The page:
Industry analysts put the value of Sindhu and Sania's brand endorsement deals at around Rs 35 lakh per day. Saina follows a little behind with deals worth Rs 25 lakh per day (the number of days a celebrity commits to an endorsement varies from deal to deal). These are much more than Rohit Sharma, R Ashwin, Hardik Pandya, Ravindra Jadeja and other national team cricket players. Indian cricket captain Virat Kohli leads the pack with Rs 2.5 crore per day, followed by former skipper, MS Dhoni, whose brand endorsement deals bring in Rs 1.5 crore per day.
Coming back to Star India's whopping IPL deal for five years, there is one question that crops up: can the media company recover the investment? According to one media expert even a conservative calculation reveals that Star will easily recover the investment and also make substantial profit.
Interestingly, the IPL auction this year was not a battle between traditional broadcast giants, as it has always been. There were surprises in the bidders' list. Star India's chairman and CEO, Uday Shankar and his team, were up against some unforeseen opponents like Facebook, Jio and Airtel. Amazon had also picked up the bidding documents. It was not just the names but the amounts that they bid that caused a flutter. Mark Zuckerberg's California-headquartered social networking giant tabled a bid for Rs 3,900 crore (about Rs 870 crore of collective bids were made for Rest of the World media rights) - not many saw it coming.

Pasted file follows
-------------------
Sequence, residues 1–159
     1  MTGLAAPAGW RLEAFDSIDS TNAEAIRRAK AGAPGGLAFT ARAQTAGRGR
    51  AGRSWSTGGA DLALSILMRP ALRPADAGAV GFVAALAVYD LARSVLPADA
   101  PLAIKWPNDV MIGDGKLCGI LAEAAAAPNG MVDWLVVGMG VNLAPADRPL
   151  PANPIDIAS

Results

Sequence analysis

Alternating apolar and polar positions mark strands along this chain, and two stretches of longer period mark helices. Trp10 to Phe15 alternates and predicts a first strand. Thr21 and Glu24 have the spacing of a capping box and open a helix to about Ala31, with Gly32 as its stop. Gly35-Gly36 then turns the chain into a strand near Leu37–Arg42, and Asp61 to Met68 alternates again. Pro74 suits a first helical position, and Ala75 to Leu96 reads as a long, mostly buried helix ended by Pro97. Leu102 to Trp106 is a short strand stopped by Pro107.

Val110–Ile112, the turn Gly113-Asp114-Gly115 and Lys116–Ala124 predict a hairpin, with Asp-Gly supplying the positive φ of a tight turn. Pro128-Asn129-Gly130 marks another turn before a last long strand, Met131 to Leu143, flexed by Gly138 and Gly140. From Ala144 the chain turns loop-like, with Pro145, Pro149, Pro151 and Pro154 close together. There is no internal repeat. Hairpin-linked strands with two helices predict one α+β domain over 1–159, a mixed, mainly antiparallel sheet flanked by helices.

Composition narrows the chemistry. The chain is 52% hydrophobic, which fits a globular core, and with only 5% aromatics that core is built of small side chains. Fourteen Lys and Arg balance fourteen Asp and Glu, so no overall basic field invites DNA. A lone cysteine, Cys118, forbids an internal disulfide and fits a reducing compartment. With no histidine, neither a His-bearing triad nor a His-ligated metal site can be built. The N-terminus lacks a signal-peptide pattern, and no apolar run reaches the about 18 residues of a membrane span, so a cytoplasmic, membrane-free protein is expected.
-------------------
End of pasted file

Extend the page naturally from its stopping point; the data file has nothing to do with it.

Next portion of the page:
What has changed in India's sporting world so much that marketers have no qualms about jumping into the arena with bags of money?
afaqs Reporter! went ahead and asked three wise men - GroupM's Vinit Karnik, Kwan's Indranil Das Blah and Deloitte India's Jehil Thakkar - for their viewpoints.
Vinit Karnik - Business Head, ESP properties
When I was in school, sports in India was not a priority, unlike in the West. The reason for that was the lack of infrastructure, attention and investment at the school and university levels. Now, we are heading in the right direction and that has changed things. Having said so, we have just started and there is a lot more to cover. Today, sports in school is a different ball game altogether.